I’m married with a 2-year-old. My husband and I both work full time. We have a mortgage, super and some savings but we would like to start investing for our little girl’s education. I’ve heard of education savings plans and was wondering how they work as we are keen to start saving for her high school fees. Or are there other options we should consider to save for her education?
Education is expensive. Even public schooling can leave you out of pocket as much as $70,000 over 13 years, and for an independent private school, this figure can jump to more than $400,000 depending on the location. The good news is that by planning for your daughter’s education now, you can get on the front foot.
Education savings plans, or education bonds, are one way to do this. They work in a similar way to investment bonds. The fund is taxed on its investment earnings at 30% but when money is drawn down to pay school costs, they claim this 30% tax back – and pass the saving on to you.
However, these plans can lock you into an approach that might not work in the longer term. While you might have a school in mind for your daughter, you don’t know what life will bring. The money can only be used for her education, so if life throws you a curve ball, it can be difficult to access.
Some plans only pay parents their own contributions during secondary school, with the investment returns paid out when the child enters higher education, but not all students choose tertiary education pathways so there is no guarantee this will work for you.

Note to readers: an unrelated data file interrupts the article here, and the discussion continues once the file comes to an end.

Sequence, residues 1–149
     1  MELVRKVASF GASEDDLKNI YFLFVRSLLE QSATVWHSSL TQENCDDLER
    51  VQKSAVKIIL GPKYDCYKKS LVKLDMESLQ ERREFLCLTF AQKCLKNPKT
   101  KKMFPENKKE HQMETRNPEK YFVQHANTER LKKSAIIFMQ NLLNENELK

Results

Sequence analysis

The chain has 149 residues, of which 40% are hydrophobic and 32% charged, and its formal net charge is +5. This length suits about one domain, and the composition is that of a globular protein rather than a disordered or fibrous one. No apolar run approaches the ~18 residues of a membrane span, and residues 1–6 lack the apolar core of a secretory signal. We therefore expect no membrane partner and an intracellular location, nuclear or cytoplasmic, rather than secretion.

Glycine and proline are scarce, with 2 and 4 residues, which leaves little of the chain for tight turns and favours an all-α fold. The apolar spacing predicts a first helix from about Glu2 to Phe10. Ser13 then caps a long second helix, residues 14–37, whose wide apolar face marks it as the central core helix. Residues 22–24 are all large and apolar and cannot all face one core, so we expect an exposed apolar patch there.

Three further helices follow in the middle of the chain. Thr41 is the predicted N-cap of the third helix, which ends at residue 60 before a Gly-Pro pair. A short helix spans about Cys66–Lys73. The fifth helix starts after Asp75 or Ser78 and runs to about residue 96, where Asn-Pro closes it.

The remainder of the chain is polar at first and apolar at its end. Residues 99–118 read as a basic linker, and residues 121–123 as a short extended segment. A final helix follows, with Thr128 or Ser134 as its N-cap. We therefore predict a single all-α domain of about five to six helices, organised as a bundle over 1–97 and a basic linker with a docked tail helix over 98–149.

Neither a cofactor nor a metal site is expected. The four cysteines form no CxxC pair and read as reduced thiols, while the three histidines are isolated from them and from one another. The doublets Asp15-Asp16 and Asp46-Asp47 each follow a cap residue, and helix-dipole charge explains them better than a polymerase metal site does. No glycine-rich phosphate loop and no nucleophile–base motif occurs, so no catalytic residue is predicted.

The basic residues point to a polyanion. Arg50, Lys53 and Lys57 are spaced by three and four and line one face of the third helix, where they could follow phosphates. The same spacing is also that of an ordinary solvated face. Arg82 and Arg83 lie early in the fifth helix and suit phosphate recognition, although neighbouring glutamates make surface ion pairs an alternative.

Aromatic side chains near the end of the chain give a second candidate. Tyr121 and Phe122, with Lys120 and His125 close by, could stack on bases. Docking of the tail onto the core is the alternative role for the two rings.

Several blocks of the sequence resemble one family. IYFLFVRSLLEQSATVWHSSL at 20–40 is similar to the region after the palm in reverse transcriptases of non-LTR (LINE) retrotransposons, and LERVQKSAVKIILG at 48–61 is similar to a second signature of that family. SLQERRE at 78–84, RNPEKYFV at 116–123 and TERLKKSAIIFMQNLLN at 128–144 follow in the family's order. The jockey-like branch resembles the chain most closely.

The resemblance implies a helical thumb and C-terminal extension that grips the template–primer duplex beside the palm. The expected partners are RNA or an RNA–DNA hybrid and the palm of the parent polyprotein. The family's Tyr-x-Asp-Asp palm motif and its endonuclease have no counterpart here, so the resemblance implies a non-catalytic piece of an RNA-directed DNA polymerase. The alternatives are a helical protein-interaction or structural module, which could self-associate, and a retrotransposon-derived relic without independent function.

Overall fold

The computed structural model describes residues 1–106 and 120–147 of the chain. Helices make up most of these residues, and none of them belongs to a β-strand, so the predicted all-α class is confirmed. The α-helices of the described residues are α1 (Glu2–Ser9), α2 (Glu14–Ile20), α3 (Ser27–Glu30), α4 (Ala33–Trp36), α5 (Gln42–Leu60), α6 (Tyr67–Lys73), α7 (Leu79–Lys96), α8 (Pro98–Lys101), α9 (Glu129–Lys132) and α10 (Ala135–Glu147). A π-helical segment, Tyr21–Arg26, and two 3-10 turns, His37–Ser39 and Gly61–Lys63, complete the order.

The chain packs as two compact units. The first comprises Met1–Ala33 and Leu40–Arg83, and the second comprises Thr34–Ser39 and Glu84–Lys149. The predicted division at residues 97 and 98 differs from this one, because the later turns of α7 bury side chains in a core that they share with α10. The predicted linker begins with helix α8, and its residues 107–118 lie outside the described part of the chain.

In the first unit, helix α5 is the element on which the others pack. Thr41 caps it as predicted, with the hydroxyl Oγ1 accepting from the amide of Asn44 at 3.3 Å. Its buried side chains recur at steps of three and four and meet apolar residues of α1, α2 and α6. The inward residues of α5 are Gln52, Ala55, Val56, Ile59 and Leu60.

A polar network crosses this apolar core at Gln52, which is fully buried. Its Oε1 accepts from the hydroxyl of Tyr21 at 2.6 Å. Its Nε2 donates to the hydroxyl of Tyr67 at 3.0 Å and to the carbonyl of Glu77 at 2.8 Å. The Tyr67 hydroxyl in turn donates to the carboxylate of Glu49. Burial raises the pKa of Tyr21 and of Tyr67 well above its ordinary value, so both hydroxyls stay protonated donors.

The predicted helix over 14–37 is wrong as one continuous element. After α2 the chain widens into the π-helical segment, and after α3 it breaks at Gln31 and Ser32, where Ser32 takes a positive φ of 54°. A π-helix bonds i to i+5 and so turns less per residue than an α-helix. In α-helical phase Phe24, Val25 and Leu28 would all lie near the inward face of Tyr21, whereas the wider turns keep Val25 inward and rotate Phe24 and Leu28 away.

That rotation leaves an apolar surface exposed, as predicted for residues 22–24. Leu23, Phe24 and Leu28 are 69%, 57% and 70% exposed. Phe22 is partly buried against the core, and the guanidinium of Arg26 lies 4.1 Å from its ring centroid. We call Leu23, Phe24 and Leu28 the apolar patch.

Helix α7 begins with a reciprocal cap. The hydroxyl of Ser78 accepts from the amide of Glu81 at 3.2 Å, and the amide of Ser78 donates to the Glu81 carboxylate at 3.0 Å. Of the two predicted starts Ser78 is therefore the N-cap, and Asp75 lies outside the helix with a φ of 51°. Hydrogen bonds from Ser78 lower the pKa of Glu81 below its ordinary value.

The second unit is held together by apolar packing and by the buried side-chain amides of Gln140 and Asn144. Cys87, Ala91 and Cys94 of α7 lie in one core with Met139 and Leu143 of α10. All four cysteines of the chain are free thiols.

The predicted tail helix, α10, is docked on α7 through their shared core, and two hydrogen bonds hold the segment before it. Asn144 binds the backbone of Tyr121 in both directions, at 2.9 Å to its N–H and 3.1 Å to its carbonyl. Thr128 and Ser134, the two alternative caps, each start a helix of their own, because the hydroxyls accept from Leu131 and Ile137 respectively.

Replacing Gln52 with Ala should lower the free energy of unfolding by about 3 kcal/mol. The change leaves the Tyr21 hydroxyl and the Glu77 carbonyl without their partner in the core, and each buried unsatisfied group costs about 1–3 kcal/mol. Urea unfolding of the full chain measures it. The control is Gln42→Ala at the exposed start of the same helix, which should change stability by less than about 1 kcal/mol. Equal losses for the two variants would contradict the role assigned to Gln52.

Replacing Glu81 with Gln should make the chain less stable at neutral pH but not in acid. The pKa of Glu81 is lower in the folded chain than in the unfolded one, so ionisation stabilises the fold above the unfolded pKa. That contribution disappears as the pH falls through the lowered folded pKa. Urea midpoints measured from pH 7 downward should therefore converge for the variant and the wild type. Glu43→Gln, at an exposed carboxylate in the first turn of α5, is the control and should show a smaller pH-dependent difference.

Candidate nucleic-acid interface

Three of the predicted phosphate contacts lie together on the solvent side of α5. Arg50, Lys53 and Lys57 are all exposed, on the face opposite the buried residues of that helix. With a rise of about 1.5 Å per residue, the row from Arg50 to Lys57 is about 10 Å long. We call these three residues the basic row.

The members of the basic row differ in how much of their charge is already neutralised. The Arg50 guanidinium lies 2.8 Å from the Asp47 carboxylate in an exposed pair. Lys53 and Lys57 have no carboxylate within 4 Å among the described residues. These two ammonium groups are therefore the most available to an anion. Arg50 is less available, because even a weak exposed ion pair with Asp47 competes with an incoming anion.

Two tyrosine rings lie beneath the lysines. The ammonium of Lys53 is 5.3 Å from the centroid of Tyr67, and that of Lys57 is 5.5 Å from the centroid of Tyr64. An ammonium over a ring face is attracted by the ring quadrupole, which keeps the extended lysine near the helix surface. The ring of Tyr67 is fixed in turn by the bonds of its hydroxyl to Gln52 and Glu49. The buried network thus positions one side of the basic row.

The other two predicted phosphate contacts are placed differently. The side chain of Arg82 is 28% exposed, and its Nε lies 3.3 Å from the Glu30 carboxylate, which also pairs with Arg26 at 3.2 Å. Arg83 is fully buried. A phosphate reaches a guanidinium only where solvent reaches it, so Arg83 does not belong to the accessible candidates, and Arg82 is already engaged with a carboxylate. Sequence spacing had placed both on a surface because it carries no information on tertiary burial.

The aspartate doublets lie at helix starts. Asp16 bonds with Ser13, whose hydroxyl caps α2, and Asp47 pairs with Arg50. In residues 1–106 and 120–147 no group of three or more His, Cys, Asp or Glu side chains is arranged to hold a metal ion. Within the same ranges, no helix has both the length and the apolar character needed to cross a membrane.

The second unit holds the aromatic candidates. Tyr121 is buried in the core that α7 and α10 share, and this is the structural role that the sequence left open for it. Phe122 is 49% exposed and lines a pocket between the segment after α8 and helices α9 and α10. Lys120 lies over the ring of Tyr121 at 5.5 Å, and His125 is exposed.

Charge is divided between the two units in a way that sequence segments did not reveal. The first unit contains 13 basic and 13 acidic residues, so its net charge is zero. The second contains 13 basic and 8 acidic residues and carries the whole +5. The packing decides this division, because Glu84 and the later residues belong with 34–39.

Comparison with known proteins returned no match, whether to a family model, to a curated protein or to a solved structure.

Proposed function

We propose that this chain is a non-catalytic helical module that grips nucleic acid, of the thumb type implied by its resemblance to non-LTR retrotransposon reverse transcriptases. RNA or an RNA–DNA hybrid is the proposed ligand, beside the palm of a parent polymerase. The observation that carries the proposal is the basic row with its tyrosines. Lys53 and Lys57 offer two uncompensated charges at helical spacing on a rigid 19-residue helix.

It’s worthwhile considering more flexible options that can also offer great returns. If you like the bond model, insurance bonds may be worth considering. They operate in a similar way, but after 10 years, you can use some or all the money in any way you like. They also offer a greater choice of underlying investment options and the growing number of providers is helping to lower fees.
You may also like to consider other investment types, such as an exchange traded fund (ETF), which essentially allows you to own small positions in many ASX-listed companies. ETFs can be a great way to start a diverse portfolio. On the downside, you will be taxed on the returns at your marginal tax rate. In a similar vein, you could consider an unlisted managed fund or a listed investment company (LIC). These options may reduce brokerage fees but have higher ongoing fees and, again, returns will be taxed at your marginal tax rate.
Another strategy is to put money into an offset account against your mortgage, which will likely give you a better return than passive investments, such as term deposits and savings accounts. However, with today’s low interest rates, this can be a slow way to save for education.
At the end of the day, you want a savings option that will work for you over the longer term. You should ideally be looking for an option that you are comfortable with and meets your risk profile but will also give you flexibility to access your money when you need it.
Investment bonds can be a tax-advantaged and flexible option, but, as with any financial decision, it’s best to seek advice from a financial adviser who understands you and your goals to help you make the best decision.
About Andrew Dunbar
Andrew Dunbar is Director & Senior Financial Adviser at Apt Wealth Partners. He is a Certified Financial Planner with more than 15 years experience. Andrew has degrees in both Commerce and Economics from Monash University and holds an Advanced Diploma of Financial Planning.
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